Frank O. Gehry, Residence, 1978, 1002 22nd St, Santa Monica, Los Angeles

Gehry Residence,
View from the street,
CC by IK’s World Trip, via Wikimedia Commons

Frank Gehry and his wife bought their private Santa Monica residence dating from the 1920s in 1977. It was a typical middleclass home in Los Angeles at the time it was build and did not differ much from the houses surrounding it. Gehry transformed the house into their home in a way that it was perceived as a strong statement at the time of its renovation.

According to Gehry, his wife Berta found and bought the house, already knowing that her husband would transform it into something new. But Gehry decided to keep the old house as it was and to add new elements to the exterior only, to clad it in a ‘Gehry-typical‘ manner, using characteristically ‘basic‘ materials like corrugated steel, glass, plywood and a chain-link fence. His strategy to destruct and break with the old forms of construction while still keeping it alive and visible by integrating it into his design is truly innovative.

Critics generally assume that he was deliberately trying to shock and provoke not only the critics, but the surrounding neighborhood with this ‘raw’ and ‘unfinished’ exterior – which he successfully managed. There were only few critics who appraised the building. Meanwhile most others, including the neighbors, were aggravated by the exterior Gehry aimed for, that just wouldn’t fit into the rather traditional surroundings, consisting of mostly one family houses with tidy front lawns inhabited by  middleclass residents and which appears to be a calm and idyllic neighborhood.

The seemingly chaotic look of the buildings outside hides a rather cozy house, offering shelter and a private space, not in a cold avant-garde like style, but in a comfortable living atmosphere. This mirrors Gehry’s strategy of appearing to be a regular middleclass man in a regular middleclass house, while being an eccentric architect with a nonstandard home who disrupts the peace of his neighborhood, all in one.

Nevertheless, one can see some parts of the house’s interior from the street. Through the windows, people on the street can get a glimpse of the garden as well as the kitchen. The same goes for the inside: Here one cannot primarily see the surroundings of the house and gardens on street level, but rather the sky through slits in the walls or the lights of cars going by, reflecting in the glass roof over the dining room table. But this, of course, attracts views of passersby.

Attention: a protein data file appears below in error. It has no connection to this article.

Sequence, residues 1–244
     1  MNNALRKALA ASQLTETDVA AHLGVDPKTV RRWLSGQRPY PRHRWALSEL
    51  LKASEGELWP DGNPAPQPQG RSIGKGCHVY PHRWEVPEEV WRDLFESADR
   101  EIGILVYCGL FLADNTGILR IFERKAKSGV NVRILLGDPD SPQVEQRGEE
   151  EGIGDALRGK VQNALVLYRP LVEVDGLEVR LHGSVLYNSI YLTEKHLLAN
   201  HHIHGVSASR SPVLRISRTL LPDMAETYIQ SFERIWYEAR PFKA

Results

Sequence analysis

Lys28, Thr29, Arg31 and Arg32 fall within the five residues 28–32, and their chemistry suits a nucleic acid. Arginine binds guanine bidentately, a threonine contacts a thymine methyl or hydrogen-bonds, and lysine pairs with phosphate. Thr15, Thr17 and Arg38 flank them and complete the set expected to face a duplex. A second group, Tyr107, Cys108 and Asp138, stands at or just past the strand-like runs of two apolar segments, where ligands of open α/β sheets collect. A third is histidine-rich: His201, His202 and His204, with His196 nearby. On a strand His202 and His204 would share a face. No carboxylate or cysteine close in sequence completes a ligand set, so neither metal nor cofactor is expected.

The architect himself states that the viewers only see what he wants them to see in his architecture. While something might be visible from one angle or position, it cannot be seen from another. Gehry’s private house is an example of this design strategy. Depending on where one is standing in the house, different areas of the surroundings are visible. The connection between inside and outside is very fluent, creating the illusion of standing outside while actually being inside the house. Gehry composes a view for the people outside without revealing too much of the private interiors.

He used his private house as a deliberate provocation and an experiment on how critics and other recipients would perceive it. The house received plenty of attention and constitutes the breakthrough of his career as an architect, and hence achieves what Gehry wanted it to.

From 1991-92 a second renovation took place during which a lot of the earlier ‘unfinished’ parts got transformed into their ‘finished’ versions, without much public attention.

Beatriz Colomina explains that the house, like its owner, is in constant flux and development, in a way that the both of them build and form each other to what they are now. Furthermore, she highlights how Gehry uses architecture and views to change and create the perception of the recipients.

 

Sources:

  • Colomina, Beatriz: “The House That Built Gehry”, in: Frank O. Gehry, Mildred Friedman and Beatriz Colomina [i.a.]: Frank Gehry, Architect, New York 2001, p.300-320.
  • Movie: Pollack, Sydney: Sketches of Frank Gehry, 2005.

 

Viola Menzendorff

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